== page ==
All signs show that health and wellness are fulfilling a long-held promise: you need to meet people where they are if you want to change their behavior.

“Everyone wins from your well being,” counseled the best-selling author of Awakening Joy (Parallax Press, 2012) James Baraz.  With the teaching Mr. Baraz was addressing a gathering at Spirit Rock, the Woodacre, California meditation center he co-founded. He makes such perfect sense, and yet we forget.  We forget, and we forge ahead particularly in the workplace.  9:45 AM somehow morphs into 3:00 PM with the mid-day refuel of lunch being skipped in favor of churning out more…

Lunch isn’t the only thing being compromised in the urgent quest for increased productivity.  There’s sleep, physical movement, mental health, family life and sometimes even the simple act of breathing in and out.  All essential ingredients to our collective well being.  knead, a new player on the Greater Boston wellness scene, aims to drive home the wisdom of folks like Mr. Baraz by delivering wellness services directly to the workplace.  Massage, meditation and now yoga span the menu at knead.  Before the day gets rolling, at lunchtime or before checking out for the evening commute – the company tailors their schedule and services to meet the multi-tasking many whatever the hour.

Boston-based on Atlantic Avenue, knead was founded by Babson graduate and CPA Nick Pierce.   While he enjoyed much financial success in his profession and enjoyed a lot of the work, he grew frustrated with its swelling stress level.  Burn out became undeniable to him in his final corporate gig of completely turning around a company.  In that moment of reckoning, he reflected back on his long simmering interest in hatching a small business.  So, he gave a long goodbye to his corporate chapter and in the transition channeled his attention towards solutions to the imbalance that plagues the corporate world’s well being… He found relief through a regular meditation practice, and kept company with his former Babson (MBA) classmate and local yogi Ben Chused.  Mr. Pierce also had a great resource in his wife and her committed yoga practice.  These factors all proved integral as he pondered his entrepreneurial aspirations.


Before long a team was in place and knead was hatched.  Shying away from the use of apps in favor of more direct client encounters (and a better read of their needs), they began connecting personally with Employee Benefits professionals and Property Managers and secured their first gig with a client in Seattle.  On-site chair massages unfolded into expanded massage services, with meditation and yoga eventually adding to the company’s wellness menu.

“Over time, the tide has shifted with employers making an increasing investment in on-site yoga,” according to Pierce.  “We’re always looking for new talent.”  Pierce especially enjoys the recruiting aspect of his role at knead, and looks for a couple of different virtues when prospecting talent.  “The ‘students’ are on a limited time frame due to their work demands.  Punctuality is key with our yoga instructors.  Also, I’m looking for folks who can read the crowd and teach to our all-levels audiences.”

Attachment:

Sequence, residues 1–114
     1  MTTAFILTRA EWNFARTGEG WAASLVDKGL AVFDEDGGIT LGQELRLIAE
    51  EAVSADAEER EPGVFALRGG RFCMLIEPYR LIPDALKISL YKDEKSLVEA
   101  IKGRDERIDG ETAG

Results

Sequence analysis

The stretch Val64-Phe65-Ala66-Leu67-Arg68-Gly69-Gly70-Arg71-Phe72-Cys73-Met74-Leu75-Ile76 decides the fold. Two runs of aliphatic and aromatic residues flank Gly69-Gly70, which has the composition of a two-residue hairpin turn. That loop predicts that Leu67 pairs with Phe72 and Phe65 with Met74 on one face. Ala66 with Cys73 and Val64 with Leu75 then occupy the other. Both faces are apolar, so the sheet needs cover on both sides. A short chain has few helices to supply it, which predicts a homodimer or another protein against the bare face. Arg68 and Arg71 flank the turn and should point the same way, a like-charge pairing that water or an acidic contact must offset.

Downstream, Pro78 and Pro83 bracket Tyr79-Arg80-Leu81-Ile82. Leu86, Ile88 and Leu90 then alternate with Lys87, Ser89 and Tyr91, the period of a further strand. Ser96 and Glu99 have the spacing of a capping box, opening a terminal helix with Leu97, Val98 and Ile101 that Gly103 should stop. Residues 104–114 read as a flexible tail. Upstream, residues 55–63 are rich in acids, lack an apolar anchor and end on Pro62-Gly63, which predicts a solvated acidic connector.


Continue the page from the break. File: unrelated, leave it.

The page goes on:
“Traditional wellness is broken,” reads the homepage at Wellable, another Boston-based player in the corporate wellness scene.  Through employee wellness challenges and other services, Wellable promotes cultural and individual wellness and also strengthens community.  Boston-based Chasing Nirvana, a mind/body wellness company, delivers on-site “Wellness Packages” which combine services such as yoga, breath work, health coaching and meditation specifically tailored to meet employee needs.  Their clients include pixability, 3rd AVE Burlington, Shepley Bulfinch and The Pine Street Inn. Chasing Nirvana also produces on-site corporate retreats.

In a recent article by Amy McDonough, VicePresident and General Manager of Fitbit Group Health, the author shared her bullish outlook on corporate wellness in 2017. “Fidelity and the National Business Group on Health (NBGH) found that in 2016, 87% of employers offered emotional or mental well being programs and 76% provided financial health programs. Looking ahead, 67% of employers planned to expand those efforts and 17% anticipated maintaining their current level of investment.  All signs show that health and wellness are fulfilling a long-held promise: you need to meet people where they are if you want to change their behavior. Incorporating people and data-centric approaches into your wellness program is a sure-fire way to make 2017 your company’s healthiest year yet.”

“Count on us for stress release regardless of the frequency,” adds Nick Pierce as we wrap up our conversation.  “We offer a flexible payment model and welcome companies of all sizes at knead.”  Find knead also on Facebook and on twitter.




Author Susan Currie is an Associate Editor at LA YOGA magazine. Her words and images have been featured in the Boston Globe, Elephant Journal, Yogi Times, the Tishman Review, the Huffington Post, Spirit of St. Bart’s and on the cover of the book Moving into Meditation (Shambala) by Anne Cushman. 

Susan is also the creator of the Daily Inhale and an RYT 200 registered yoga instructor. She unpacks her various professional experiences through the creative and yoga workshops she leads throughout the country. Her new book, GRACENOTES (Shanti Arts 2017), a blend of words and images, is now available in wide release.